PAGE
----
Vietnam has broken into the group of countries with high human development, but this remarkable progress has been accompanied with relatively high pressures on the planet.
These are among the key findings of the 2020 Human Development Report “The next frontier – Human Development and the Anthropocene,” released on December 16 by the United Nations Development Programme (UNDP) in Vietnam in cooperation with the Ministry of Planning and Investment.
Addressing the report launch, UNDP Resident Representative Caitlin Wiesen praised Vietnam for embarking firmly on people-centered development and prioritising human development and equality in its socio-economic development strategies and plans.
“Vietnam’s High Human Development is a remarkable achievement and also creates opportunities for greater and more rapid progress in the coming development period. The country is at a critical juncture as it designs its next Socio-Economic Development Strategy, with decisions made today determining whether it will continue on it current path of growth and low inequality, and whether it can simultaneously shift to reducing pressure on the planet to enhance the harmony of the people and the environment,” said Wiesen. “I would like to reaffirm that UNDP stands ready to partner with Vietnam in this journey to redesign a path to progress that respects the intertwined fate of people and planet.”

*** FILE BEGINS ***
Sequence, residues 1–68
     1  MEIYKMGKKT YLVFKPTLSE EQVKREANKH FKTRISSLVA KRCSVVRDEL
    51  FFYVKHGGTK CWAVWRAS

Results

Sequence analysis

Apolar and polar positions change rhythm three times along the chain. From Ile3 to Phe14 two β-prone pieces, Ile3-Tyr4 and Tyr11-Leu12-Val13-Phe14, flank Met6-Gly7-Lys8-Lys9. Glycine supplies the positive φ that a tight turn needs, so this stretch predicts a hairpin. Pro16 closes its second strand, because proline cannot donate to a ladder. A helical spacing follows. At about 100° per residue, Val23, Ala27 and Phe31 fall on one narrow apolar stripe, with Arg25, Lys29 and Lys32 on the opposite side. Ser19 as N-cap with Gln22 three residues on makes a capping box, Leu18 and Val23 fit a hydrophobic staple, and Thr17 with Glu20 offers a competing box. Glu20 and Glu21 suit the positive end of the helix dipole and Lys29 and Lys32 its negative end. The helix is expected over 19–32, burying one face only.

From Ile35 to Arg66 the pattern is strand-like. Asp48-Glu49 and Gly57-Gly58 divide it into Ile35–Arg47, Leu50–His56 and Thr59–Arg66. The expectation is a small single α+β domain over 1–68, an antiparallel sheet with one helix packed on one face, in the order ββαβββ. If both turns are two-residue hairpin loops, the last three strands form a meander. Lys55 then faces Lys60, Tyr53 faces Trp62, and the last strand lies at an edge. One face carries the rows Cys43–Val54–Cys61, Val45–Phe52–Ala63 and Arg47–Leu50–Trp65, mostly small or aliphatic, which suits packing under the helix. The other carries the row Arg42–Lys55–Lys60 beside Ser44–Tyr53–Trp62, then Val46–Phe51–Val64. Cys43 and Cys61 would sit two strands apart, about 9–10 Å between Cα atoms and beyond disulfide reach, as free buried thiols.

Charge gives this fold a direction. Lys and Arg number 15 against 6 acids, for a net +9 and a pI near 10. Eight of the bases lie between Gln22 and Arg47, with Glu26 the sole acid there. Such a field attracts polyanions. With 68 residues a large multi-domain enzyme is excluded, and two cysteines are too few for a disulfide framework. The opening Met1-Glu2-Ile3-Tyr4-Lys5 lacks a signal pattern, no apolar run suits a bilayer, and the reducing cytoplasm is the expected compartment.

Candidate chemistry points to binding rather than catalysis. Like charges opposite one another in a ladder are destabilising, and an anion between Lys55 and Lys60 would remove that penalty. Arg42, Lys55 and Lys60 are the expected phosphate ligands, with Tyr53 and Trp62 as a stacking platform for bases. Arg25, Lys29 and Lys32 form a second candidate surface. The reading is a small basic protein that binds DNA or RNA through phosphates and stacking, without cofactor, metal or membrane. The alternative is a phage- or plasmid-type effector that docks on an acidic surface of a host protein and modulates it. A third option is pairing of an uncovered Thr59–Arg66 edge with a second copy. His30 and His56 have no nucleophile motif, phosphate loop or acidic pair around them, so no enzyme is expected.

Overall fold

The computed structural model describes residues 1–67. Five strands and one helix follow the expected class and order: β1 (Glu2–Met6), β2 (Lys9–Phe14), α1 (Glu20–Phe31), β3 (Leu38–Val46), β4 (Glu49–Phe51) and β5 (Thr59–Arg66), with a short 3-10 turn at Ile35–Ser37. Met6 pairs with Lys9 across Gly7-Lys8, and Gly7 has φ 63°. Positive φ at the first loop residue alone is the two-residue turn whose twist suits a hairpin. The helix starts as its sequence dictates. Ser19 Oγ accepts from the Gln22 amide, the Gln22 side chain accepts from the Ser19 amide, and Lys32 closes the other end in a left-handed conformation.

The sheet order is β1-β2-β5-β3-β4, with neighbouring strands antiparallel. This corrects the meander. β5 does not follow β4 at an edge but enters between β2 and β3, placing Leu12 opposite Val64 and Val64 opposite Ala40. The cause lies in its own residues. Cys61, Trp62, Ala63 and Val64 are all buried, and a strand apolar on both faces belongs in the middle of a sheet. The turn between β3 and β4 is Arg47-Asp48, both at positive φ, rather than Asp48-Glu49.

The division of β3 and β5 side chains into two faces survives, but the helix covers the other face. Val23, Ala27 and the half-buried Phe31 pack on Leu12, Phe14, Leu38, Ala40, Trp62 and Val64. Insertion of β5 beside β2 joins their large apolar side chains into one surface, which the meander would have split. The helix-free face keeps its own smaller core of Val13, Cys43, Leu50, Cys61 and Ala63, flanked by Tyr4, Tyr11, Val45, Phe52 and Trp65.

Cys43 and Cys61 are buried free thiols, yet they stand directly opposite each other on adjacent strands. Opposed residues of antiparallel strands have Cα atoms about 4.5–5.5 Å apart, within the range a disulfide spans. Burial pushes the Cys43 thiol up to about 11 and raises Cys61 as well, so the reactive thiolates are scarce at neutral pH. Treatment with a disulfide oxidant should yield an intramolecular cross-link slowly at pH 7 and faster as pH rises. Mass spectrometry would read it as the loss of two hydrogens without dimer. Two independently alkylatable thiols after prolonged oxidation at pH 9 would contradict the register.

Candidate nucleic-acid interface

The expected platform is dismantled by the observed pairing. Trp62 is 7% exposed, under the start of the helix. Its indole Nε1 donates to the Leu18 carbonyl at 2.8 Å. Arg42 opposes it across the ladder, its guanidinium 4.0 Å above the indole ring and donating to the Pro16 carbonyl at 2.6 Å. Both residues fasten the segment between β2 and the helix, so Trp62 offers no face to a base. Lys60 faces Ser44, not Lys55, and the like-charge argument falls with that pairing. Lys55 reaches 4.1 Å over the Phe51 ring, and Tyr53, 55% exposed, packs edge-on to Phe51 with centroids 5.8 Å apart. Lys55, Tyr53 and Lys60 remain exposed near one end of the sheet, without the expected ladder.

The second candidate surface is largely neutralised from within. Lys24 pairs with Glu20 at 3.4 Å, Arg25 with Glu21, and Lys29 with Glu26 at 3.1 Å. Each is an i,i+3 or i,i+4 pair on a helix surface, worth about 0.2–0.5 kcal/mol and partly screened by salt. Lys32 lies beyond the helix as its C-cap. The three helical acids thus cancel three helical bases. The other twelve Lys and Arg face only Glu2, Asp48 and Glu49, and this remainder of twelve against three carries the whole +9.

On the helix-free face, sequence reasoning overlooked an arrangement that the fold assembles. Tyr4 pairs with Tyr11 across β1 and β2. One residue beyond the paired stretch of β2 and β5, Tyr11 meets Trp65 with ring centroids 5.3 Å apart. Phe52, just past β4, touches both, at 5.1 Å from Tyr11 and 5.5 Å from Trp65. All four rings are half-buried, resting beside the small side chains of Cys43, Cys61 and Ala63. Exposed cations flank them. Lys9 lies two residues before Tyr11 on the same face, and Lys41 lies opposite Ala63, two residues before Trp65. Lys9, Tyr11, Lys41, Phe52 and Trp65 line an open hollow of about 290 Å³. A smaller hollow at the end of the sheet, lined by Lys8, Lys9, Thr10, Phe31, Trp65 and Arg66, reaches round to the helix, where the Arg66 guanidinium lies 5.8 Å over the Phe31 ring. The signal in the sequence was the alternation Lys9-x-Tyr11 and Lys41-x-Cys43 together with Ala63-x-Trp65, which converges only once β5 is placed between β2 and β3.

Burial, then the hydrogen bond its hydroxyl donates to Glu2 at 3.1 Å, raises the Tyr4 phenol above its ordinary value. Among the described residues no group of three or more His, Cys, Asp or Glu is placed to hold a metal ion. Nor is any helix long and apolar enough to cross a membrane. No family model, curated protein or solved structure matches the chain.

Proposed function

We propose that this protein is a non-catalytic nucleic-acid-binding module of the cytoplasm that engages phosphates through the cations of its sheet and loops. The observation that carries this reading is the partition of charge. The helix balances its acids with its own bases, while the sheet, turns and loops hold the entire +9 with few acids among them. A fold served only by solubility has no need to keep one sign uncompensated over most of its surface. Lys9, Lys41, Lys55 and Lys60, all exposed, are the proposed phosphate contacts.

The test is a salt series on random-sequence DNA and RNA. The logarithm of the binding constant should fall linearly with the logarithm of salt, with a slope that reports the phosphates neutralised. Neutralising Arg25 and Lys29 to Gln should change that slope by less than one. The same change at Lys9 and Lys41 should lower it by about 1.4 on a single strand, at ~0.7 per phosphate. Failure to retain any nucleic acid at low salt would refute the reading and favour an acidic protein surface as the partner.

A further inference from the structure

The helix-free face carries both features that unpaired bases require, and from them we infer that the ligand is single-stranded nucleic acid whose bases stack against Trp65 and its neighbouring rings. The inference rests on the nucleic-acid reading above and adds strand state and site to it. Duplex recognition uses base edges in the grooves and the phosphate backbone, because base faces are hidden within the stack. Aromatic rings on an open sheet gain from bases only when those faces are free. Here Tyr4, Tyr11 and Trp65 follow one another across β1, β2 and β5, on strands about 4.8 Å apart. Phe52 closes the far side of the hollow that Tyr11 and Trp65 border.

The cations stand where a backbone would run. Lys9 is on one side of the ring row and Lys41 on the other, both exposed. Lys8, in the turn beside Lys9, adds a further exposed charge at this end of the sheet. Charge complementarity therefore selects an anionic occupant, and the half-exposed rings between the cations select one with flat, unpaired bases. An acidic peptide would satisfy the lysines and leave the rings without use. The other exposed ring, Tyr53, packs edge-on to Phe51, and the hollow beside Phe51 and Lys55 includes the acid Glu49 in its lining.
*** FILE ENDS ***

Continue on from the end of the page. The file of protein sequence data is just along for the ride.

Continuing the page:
Deputy Minister of Planning and Investment Tran Quoc Phuong praised the Human Development Index (HDI) report for introducing a new experimental index on human progress that takes into account countries’ carbon dioxide emissions and material footprint - planetary-pressures adjusted HDI (PHDI).
With the index, Vietnam, as one of the countries hardest hit by climate change, will have additional orientation foundation to issue and implement policies in response to environmental pollution and climate change, Phuong added.
According to the new report, the COVID-19 pandemic is the latest crisis facing the world, but unless humans release their grip on nature, it won’t be the last. Therefore, the report introduces the PHDI.
It lays out a stark choice for world leaders - take bold steps to reduce the immense pressure that is being exerted on the environment and the natural world, or humanity’s progress will stall.
Vietnam’s HDI value for 2019 is 0.704, putting the country in the high human development category and positioning it at 117 out of 189 countries and territories. Between 1990 - 2019, the country’s HDI value increased by almost 46 percent, which is among the highest HDI growth rates in the world.
Vietnam has also been performing well in terms of gender equality. With the Gender Development Index value of 0.997, it ranks 65th out of 162 countries and is the highest among five country groups./.VNA
With Vietnam celebrating the 44th anniversary of joining the UN this month, Caitlin Wiesen, UNDP resident representative in Vietnam, pores over the country's progress in human development and the challenges ahead to tackle various inequalities.